The OOTSD is rare to me in that it is not accompanied by a poem (though there is an arguement for the name to be changed to ee cummings I Like My Body.  Time will tell on that point), and that it is a tiki style drink, which is a genre of imbibing I haven’t yet dipped my toes in to.

Now that I’ve explained the poor thing to death, here is the recipe and the recipes for the things that go in the recipe.

Inception Recipes:

Orgeat Syrup – Taken largely from Imbibe.com, but with some noted deviations.

2 1/4 cups raw almonds, sliced
3 1/2 cups tap water
3 1/2 cups distilled or filtered water
1/2 cup turbinado sugar
1 oz Everclear
The peel of one slice of orange

  • Take the almonds and break them up into pretty coarse bits, then put them along with the tap water into a bowl for about an hour.  Why?  I don’t know, but every orgeat recipe calls for this step.
  • When the hour is up, strain the tap water out, and replace it with the distilled or filtered water. Let this mix sit for 5-6 hours.  Since orgeat is a lighter syrup, the flavor of tap water can really put a damper on the overall flavor of the syrup.
  • While the almonds are steeping into the filtered water, put the everclear and orange peel into a separate container and allow it to infuse.   Be sure to shave off as much of the bitter pith as possible.  Most recipes call for orange blossom water and vodka, but since that would require procuring orange blossom water, I improvised.
  • Once the time is up, filter the almond chunks from the water and discard them.  Since there aren’t really any fine pieces, a clean towel will suffice as the filter.  At this point, also remove the orange peel from the everclear.
  • Pour the almond water, orange infused everclear, and sugar into a pint bottle.  Cap the bottle, and shake until the sugar has dissolved.

The alcohol is an important part of the syrup, as it acts as a preservative.  With it, the syrup will keep about a month refrigerated, without it, about a week.  Bare that in mind should you decide to forgo it.

Malibu and Pineapple Ice

Pineapple juice
Malibu Liqueur
Ice tray

Mix one part Malibu to four parts pineapple juice, pour into an ice tray, and freeze.

The Drink

1.5 coconut vodka (I used New Amsterdam.  Cali pride.)
1 House Orgeat Syrup (The first recipe below)
One Malibu and Pineapple Ice Cube (Second recipe below)

  • Put vodka and orgeat syrup into a mixing glass, and stir with regular ice.
  • Strain into a rocks glass.
  • Add Pineapple ice.
  • Enjoy the magic.

When I say enjoy the magic, I’m not talking about how wonderful the drink is.  I’m talking about the ice.  Since it isn’t frozen water, the drink doesn’t dilute.  The first sips will be coconut, and the creamy, ever so delicate citrus of the orgeat, and strong.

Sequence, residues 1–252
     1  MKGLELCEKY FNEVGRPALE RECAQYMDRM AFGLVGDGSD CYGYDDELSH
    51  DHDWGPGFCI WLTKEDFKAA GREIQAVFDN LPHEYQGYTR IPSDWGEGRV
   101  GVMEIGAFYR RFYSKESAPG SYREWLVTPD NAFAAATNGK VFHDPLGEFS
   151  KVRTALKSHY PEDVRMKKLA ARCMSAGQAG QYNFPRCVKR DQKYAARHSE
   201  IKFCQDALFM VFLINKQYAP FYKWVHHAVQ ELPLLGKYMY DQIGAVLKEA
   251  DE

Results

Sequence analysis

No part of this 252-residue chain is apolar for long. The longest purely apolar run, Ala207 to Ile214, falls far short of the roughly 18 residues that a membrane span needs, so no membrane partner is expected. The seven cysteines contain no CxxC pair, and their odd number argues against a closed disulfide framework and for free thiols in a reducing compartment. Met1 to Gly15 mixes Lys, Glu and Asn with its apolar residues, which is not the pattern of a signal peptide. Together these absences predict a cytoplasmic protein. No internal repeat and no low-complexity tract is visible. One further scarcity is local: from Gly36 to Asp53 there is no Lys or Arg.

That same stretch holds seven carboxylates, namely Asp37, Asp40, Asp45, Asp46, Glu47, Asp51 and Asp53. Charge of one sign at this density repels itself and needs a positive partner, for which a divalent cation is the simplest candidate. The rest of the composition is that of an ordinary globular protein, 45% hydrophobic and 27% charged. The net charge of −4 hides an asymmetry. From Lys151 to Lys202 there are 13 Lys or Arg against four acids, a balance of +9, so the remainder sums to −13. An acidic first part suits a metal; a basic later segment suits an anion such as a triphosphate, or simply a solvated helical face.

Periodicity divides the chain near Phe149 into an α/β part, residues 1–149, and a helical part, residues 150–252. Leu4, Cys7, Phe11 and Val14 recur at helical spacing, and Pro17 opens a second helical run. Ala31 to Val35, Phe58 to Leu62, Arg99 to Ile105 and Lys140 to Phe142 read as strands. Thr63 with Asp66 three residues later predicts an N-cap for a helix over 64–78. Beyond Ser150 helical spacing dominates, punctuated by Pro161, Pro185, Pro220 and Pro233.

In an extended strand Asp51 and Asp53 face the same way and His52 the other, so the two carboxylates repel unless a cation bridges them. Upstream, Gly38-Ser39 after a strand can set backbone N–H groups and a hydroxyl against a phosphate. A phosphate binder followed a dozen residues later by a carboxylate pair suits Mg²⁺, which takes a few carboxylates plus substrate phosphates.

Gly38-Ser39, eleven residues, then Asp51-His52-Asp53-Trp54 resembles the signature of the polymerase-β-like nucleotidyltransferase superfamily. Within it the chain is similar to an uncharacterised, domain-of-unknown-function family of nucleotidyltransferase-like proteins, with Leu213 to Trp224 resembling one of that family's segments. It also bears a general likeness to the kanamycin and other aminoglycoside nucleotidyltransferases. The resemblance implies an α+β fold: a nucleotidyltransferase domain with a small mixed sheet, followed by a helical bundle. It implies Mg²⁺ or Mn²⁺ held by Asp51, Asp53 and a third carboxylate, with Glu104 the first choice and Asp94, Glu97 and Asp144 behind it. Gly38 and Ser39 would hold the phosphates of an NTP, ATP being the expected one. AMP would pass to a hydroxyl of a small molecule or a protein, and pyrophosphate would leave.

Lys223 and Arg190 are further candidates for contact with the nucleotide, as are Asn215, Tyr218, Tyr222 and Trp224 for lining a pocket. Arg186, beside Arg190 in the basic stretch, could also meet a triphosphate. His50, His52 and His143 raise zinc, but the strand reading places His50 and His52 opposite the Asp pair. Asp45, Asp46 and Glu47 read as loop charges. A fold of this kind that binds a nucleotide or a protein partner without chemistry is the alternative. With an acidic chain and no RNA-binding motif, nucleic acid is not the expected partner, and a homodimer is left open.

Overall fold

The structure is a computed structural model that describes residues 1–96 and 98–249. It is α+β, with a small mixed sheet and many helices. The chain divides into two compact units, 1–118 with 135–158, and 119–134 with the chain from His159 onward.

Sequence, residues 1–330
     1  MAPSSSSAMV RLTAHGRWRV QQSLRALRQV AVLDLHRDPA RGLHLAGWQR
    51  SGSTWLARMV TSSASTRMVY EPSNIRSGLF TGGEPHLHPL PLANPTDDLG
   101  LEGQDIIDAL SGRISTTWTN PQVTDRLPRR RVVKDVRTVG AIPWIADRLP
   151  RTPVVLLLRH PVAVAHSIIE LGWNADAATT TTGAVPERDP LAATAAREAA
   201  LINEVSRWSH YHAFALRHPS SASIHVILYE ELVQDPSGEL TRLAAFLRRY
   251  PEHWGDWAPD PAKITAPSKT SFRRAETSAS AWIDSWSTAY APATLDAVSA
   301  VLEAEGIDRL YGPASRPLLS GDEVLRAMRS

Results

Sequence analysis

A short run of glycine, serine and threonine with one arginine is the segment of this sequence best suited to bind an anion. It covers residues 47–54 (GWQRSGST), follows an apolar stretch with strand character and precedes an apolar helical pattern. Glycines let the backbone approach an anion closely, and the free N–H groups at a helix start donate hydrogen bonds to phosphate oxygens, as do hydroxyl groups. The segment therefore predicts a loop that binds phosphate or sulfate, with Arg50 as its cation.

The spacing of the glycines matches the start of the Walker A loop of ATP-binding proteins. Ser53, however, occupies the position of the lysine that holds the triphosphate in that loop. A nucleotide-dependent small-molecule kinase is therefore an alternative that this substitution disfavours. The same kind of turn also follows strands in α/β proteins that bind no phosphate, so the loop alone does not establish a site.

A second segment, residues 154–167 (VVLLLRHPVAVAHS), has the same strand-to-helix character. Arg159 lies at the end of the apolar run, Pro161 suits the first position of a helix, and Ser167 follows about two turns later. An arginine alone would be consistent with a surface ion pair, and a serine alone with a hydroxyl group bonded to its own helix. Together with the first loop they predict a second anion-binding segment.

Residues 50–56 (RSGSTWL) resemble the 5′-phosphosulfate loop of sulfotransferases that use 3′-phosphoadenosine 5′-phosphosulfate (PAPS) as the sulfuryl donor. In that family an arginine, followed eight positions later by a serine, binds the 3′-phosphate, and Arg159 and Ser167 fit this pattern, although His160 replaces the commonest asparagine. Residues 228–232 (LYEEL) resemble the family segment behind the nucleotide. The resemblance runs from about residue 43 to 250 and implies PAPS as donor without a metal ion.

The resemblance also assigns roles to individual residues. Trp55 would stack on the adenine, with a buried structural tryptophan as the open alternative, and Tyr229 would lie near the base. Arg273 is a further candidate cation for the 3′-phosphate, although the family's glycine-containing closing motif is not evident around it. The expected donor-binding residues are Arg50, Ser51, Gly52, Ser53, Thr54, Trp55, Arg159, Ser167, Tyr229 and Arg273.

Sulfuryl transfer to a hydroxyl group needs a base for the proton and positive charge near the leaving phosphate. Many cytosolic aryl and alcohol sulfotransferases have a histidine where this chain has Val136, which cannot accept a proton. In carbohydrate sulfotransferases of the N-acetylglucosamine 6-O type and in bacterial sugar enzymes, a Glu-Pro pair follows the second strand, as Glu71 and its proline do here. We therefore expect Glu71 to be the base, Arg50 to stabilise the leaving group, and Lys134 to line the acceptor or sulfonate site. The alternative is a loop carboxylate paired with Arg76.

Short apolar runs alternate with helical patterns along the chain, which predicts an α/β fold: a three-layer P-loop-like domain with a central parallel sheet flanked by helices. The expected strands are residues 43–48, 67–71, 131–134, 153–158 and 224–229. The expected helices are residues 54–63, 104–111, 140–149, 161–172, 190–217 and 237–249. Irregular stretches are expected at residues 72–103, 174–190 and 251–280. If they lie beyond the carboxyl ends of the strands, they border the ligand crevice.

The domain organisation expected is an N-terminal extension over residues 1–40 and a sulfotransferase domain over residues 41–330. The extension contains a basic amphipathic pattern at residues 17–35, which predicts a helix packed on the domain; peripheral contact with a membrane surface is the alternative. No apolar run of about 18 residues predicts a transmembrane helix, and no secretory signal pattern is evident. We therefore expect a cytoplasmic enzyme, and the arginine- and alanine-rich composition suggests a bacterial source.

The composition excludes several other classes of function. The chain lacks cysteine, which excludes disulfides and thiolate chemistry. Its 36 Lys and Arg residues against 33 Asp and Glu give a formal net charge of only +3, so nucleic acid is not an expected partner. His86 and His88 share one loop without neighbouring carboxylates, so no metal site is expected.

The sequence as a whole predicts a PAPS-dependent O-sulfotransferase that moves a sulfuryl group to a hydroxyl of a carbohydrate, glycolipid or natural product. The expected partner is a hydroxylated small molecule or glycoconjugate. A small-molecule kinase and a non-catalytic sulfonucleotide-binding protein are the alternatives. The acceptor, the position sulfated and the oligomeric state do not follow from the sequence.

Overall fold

ImageImage

While the ice melts, it introduces two new flavors, pineapple, and a hint of rum, as well as bolstering the confidence of the beloved coconut.

Still got it.

Image

My untested drink has been tested, and the results are in: it needs work. 

The recipe was based on TS Eliot’s ‘The Lovesong of J Alfred Prufrock’: my favorite poem.  The poem my kids ask me to read them at bed time, that haunts my mind constantly, that I recite like a madman while walking around the restaurant.  An epic poem deserving an epic drink.  It fell flat.  In a way.

The drink worked.  It didn’t convey the experience I wanted, but I’ll survive.  I hope.

1.5 ounces bourbon (Eliot was born in the South, but grew up in England.  I may replace the bourbon with gin)
1 ounce vanilla bean peach syrup (‘Do I dare to eat a peach?’)
A few dashes tincture of black tea (‘after tea and cakes and ices’)
A coffee spoon of marmalade (‘I have measured out my life in coffee spoons’, ‘After the cups, the marmalade, the tea’)

For total transparency, I didn’t have marmalade on hand, so proceed at your own risk on that one.

The drink was thick, and not as strong as expected, which I attribute to the peach liqueur, so I’ll tell you a story about myself: I forget every damn thing.  I write things of importance down on little slips of receipt paper, put them in my pocket, then take them out at home and place them unceremoniously in the top drawer of the dresser.  In the same fashion, I wrote down the steps I had taken to make said peach liqueur, and they now sleep soundly in that drawer, along with several dozen other recipes and ideas.  That said, I had only used peach syrup in the drink.  There was no alcohol in it.  There is still no alcohol in it.  The slip of paper saying ‘add alcohol to this on Monday’ is MIA, so I drank peach syrup.  Not as strong as expected, and far more sweet than it should be,  but still pretty tasty.  The vanilla bean in the syrup made the drink taste like a cobbler with bourbon.  Good, but not Prufrock good.  Back to the drawing board.

Read the poem here: http://www.bartleby.com/198/1.html

Something is coming.  I don’t know what, but it is. 

In the next couple days, I’ll be posting a new drink inspired by TS Eliot’s ‘The Lovesong of J. Alfred Prufrock’, as well as the recipes within said recipe.  I hope that 1) you’re ready for it, and that 2) it actually turns out.  

Mostly, I just hope that it turns out.